The exhibition Van Gogh in Provence: Modernizing Tradition brings together 31 paintings of which 29 have never before been shown in Arles from the collections of the Van Gogh Museum in Amsterdam and the Kröller-Müller Museum in Otterlo.
The third retrospective devoted to Vincent van Gogh at the Fondation
, it confirms the institutions major role in facilitating an ongoing examination of the artists work and thinking, namely by presenting these latter in constant interaction with contemporary artistic production. Thus Van Gogh in Provence: Modernizing Tradition is accompanied by a concurrent solo show of British painter Glenn Brown.
Selected by Sjraar van Heugten, one of the worlds foremost experts on Van Gogh, the 31 paintings on display offer a panorama of seven years of intense activity, culminating in the artists stay in Provence, where he produced some 500 works.
Over the course of the rooms, Van Goghs palette becomes as he puts it himself more exaggerated, his brush stroke more forceful and his composition more audacious. All the while, however, the artist preserves a remarkable continuity in his choice of motif. Van Gogh constantly experiments with ways of modernizing landscape, portraiture and the still life the traditional genres to which he remains unwaveringly attached, following in the steps of his revered masters: Rembrandt, Hals, Delacroix, Millet, and artists of the Barbizon School such as Breton.
The canvases chosen for this exhibition allow us to follow Van Goghs artistic quest from its beginnings right up to his death: in Nuenen in the Dutch province of Brabant, where his humanism leads him to portray the rugged existence of rural peasants; in Paris, where he paints his own portrait for the first time and ventures upon vibrant colour contrasts in floral still lifes; in Provence, where he finds the glorious southern light that exalts the face of nature; and finally at Auvers-sur-Oise, whose wheat fields captivate him one last time and open up the path to contemporary abstraction.
Curator of the exhibition: Sjraar van Heugten
Vincent van Gogh is born on 30 March 1853 in Groot-Zundert in the Netherlands.
At the age of 16 he joins Goupil & Cie, a firm of art dealers in The Hague, and subsequently works in the companys offices in Brussels, London and Paris. Appalled at seeing art treated as a commodity and growing increasingly religious, he goes back to England to teach at a school and to preach the Gospel. He is 23 years old. Within 12 months he returns to the Netherlands and works in a bookshop before becoming a lay preacher in a mining community in Belgium. It is soon clear that he is unsuited for this role and his post is not extended.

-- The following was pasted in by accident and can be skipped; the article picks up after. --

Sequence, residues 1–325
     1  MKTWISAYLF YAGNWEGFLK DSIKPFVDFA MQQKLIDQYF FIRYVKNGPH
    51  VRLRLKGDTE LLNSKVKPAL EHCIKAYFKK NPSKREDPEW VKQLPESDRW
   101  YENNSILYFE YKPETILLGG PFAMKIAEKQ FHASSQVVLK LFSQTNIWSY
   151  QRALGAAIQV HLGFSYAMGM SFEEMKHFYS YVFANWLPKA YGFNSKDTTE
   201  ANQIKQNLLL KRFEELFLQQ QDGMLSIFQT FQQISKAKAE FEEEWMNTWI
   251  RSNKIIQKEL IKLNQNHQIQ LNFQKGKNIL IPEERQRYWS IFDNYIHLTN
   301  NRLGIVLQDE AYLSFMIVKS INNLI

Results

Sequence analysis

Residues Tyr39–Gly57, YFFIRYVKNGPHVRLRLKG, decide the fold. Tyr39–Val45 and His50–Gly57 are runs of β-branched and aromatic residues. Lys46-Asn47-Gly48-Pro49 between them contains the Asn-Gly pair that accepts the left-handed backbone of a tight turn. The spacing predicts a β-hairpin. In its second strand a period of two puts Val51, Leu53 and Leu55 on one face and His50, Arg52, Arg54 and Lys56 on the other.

In August 1880, at the age of 27, he decides to become an artist. To train himself, he copies prints by or after famous masters, notably Jean-François Millet. He longs above all to become a painter of peasant life and everyday reality. He reads the novels of Balzac, Hugo, Zola and Dickens, which reinforce his social convictions and his taste for the life of the working classes. Spurred by a real empathy for nature, he also pursues his love of landscapes. In 1886 in Paris he discovers Japanese prints and Impressionism and mixes with Toulouse-Lautrec, Pissarro, Seurat, Signac, Russell, Gauguin and Bernard.
Convinced that colour is the key, and with Eugène Delacroix and the Japanese masters as his guides, he leaves for Provence in search of the southern light under which colours are heightened. Dreaming of establishing a creative community with his artist friends, in February 1888 he settles in Arles. Here he further develops his ideas on style and technique and paints increasing numbers of landscapes, still lifes and portraits of local people. By the end of December, the first signs of his illness become apparent. Exhausted, he is hospitalized on several occasions and eventually enters an asylum in Saint-Rémy-de-Provence, where he remains for a whole year.
During the 444 days he spends in Provence, Van Gogh produces over 300 paintings and some 200 drawings. His art reaches the height of its modernity.
In May 1890 he settles in Auvers-sur-Oise, where Dr Paul Gachet keeps an eye on his health. In the space of two months, Vincent produces the final 70 paintings of an oeuvre that comprises more than 2,000 paintings, drawings and prints. On 27 July 1890 he shoots himself with a pistol and dies two days later at the age of 37.
His artistic genius, recognized soon after his death, the publication of his Letters in 1914 and his tragic fate make him, in the 20th century, a veritable international icon.